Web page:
Making Him Proud

Story by PO1 Chris Williamson on 04/04/2019
By Mass Communication Specialist 1st Class Chris Williamson
Navy Recruiting District St. Louis Public Affairs

ST. LOUIS -- Many people decide to enlist in the Navy for different reasons. Some join for the patriotism. Some join to develop a structured and disciplined life. And some join for the many benefits the Navy can provide. For Machinist's Mate 2nd Class Jerrod Ragsdale, joining was for a deeper and more personal reason.

He enlisted for his father.

"I decided to follow in my dad's footsteps," said Ragsdale. "In fact, my family has a long history of military service that goes back for decades. My grandfather served in World War II and my father served in the Vietnam War."

During the Vietnam War, Ragsdale's father, Jerry, was a radioman in the Navy. But he never talked much about his time in Vietnam.

"My dad didn't tell me any sea stories' or about his experiences during that timeframe," said Ragsdale. "He kept to himself most of the time. So growing up, the thought of joining the Navy wasn't an option I even considered."

But that would all change. On April 29, 2008, Ragsdale received terrible news. His father had passed away as a result of an automobile accident.

"At the time, I was working at Blockbuster," said Ragsdale. "A state trooper walked into my store and asked if we could talk privately. I knew then that it was something serious."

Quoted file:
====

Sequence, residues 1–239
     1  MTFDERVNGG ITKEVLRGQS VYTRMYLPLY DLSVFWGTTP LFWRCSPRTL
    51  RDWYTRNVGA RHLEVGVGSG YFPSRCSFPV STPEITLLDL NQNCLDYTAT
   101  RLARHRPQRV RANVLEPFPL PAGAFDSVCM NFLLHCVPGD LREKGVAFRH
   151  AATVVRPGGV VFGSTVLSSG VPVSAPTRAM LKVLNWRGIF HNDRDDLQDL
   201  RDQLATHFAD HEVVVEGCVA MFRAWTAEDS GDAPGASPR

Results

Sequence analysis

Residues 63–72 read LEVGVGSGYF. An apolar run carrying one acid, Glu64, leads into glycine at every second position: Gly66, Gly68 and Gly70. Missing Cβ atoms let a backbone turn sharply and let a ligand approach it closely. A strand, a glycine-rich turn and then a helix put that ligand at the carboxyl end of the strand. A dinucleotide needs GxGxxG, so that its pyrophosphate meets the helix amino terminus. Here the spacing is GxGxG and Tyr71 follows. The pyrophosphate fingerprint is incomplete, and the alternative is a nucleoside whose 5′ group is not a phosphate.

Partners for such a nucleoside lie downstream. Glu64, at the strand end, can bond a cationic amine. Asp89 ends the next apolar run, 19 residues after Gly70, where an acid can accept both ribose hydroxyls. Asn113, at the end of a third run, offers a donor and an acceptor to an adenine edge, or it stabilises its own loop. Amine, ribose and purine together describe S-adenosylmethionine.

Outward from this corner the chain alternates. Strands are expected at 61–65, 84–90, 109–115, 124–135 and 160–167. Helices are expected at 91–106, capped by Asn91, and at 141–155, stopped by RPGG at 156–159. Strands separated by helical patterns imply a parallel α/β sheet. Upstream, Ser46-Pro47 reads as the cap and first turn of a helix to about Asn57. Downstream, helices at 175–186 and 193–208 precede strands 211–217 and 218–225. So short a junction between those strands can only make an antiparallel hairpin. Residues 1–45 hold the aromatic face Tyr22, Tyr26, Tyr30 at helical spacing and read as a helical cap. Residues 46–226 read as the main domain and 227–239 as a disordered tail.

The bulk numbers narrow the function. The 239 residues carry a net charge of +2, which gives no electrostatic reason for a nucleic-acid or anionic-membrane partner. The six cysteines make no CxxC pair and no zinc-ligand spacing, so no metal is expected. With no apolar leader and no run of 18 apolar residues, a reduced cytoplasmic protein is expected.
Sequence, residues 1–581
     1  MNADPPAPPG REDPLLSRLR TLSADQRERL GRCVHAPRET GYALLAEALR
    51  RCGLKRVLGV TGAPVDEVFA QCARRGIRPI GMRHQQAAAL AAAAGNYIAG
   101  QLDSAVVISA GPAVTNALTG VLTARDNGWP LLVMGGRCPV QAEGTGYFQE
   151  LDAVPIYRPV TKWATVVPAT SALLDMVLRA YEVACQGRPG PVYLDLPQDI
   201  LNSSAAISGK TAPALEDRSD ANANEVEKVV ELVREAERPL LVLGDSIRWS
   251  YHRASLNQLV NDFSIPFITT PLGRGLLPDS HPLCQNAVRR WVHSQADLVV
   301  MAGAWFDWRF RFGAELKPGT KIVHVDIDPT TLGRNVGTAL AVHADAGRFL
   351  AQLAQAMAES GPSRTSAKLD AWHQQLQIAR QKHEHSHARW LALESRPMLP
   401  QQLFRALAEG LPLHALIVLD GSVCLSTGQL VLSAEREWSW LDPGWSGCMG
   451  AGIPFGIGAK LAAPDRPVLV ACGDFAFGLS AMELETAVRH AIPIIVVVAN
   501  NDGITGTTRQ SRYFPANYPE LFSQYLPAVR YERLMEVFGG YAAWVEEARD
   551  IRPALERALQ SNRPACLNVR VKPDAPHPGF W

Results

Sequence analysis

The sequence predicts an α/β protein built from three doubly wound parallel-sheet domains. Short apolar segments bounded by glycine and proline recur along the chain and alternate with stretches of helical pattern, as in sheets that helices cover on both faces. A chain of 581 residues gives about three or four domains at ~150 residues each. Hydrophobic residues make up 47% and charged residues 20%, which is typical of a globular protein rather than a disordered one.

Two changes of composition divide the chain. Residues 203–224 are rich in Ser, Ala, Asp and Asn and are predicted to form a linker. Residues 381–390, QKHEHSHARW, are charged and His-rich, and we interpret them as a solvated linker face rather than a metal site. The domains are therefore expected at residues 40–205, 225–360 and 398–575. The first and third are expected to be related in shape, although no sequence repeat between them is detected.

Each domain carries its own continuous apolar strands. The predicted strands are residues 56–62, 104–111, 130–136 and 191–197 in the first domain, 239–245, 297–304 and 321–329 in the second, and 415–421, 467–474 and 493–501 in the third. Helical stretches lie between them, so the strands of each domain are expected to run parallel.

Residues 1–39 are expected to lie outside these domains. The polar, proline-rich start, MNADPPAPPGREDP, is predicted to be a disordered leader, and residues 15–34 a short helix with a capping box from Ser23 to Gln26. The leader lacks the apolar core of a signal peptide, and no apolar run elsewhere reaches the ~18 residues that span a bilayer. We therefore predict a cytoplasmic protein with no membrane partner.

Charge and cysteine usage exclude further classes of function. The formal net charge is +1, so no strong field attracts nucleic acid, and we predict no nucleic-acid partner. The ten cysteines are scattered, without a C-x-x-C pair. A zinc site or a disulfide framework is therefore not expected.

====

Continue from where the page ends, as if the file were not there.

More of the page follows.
After receiving the news, Ragsdale was heartbroken. He decided that day he would do something that would make his father proud of him.

And so, Ragsdale enlisted in the Navy.

After serving tours aboard the aircraft carrier USS Theodore Roosevelt (CVN 71), at a submarine squadron, and at Navy Operational Support Center St. Louis, Ragsdale became a recruiter and was assigned to Navy Recruiting District (NRD) St. Louis.

"I became a recruiter because I love a good challenge," said Ragsdale. "It is exactly the opportunity I need in order to excel in my Navy career."

Ragsdale has been recruiting for seven months out of Navy Recruiting Station Festus, Missouri. He chose to recruit out of this station because it's close to his hometown of Desloge, Missouri, and also because he wants to support the local area and its youth.

"I love to help people," said Ragsdale. "I am always there when someone calls. So being able to help change the lives of so many young men and women is a humbling and rewarding experience in itself. Knowing I have the ability and tools as a recruiter to help people realize their potential is a very rewarding feeling."

In only a few months after reporting to NRD St. Louis, Ragsdale has been one of the top 10 recruiters in the district three times, the number one recruiter of in November 2018, and has written twelve contracts. Ragsdale has received several awards and accolades for his superior performance, and he also received a Navy and Marine Corps Achievement Medal for responding to a multiple-vehicle accident this past winter.

"I was sitting in my living room watching television when I noticed there was a car in the snow-covered ditch," said Ragsdale. "A few seconds later, I saw another car hit the vehicle that was in the ditch."